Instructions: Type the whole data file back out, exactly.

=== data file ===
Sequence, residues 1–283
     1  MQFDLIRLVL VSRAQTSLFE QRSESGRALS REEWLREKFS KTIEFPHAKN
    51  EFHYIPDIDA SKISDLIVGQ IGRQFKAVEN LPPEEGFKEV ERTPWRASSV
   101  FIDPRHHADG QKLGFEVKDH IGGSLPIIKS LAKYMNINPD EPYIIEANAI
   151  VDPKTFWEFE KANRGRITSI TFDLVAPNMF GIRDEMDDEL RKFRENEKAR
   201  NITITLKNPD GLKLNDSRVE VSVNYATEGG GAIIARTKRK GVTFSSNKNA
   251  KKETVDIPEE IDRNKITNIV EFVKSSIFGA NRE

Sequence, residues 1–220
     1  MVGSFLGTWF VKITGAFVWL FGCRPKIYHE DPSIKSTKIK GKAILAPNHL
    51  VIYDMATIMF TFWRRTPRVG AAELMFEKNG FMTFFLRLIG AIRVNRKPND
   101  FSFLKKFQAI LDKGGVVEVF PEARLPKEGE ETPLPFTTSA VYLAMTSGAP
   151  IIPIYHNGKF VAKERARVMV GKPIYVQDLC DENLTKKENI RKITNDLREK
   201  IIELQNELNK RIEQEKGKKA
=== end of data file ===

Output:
Sequence, residues 1–283
     1  MQFDLIRLVL VSRAQTSLFE QRSESGRALS REEWLREKFS KTIEFPHAKN
    51  EFHYIPDIDA SKISDLIVGQ IGRQFKAVEN LPPEEGFKEV ERTPWRASSV
   101  FIDPRHHADG QKLGFEVKDH IGGSLPIIKS LAKYMNINPD EPYIIEANAI
   151  VDPKTFWEFE KANRGRITSI TFDLVAPNMF GIRDEMDDEL RKFRENEKAR
   201  NITITLKNPD GLKLNDSRVE VSVNYATEGG GAIIARTKRK GVTFSSNKNA
   251  KKETVDIPEE IDRNKITNIV EFVKSSIFGA NRE

Sequence, residues 1–220
     1  MVGSFLGTWF VKITGAFVWL FGCRPKIYHE DPSIKSTKIK GKAILAPNHL
    51  VIYDMATIMF TFWRRTPRVG AAELMFEKNG FMTFFLRLIG AIRVNRKPND
   101  FSFLKKFQAI LDKGGVVEVF PEARLPKEGE ETPLPFTTSA VYLAMTSGAP
   151  IIPIYHNGKF VAKERARVMV GKPIYVQDLC DENLTKKENI RKITNDLREK
   201  IIELQNELNK RIEQEKGKKA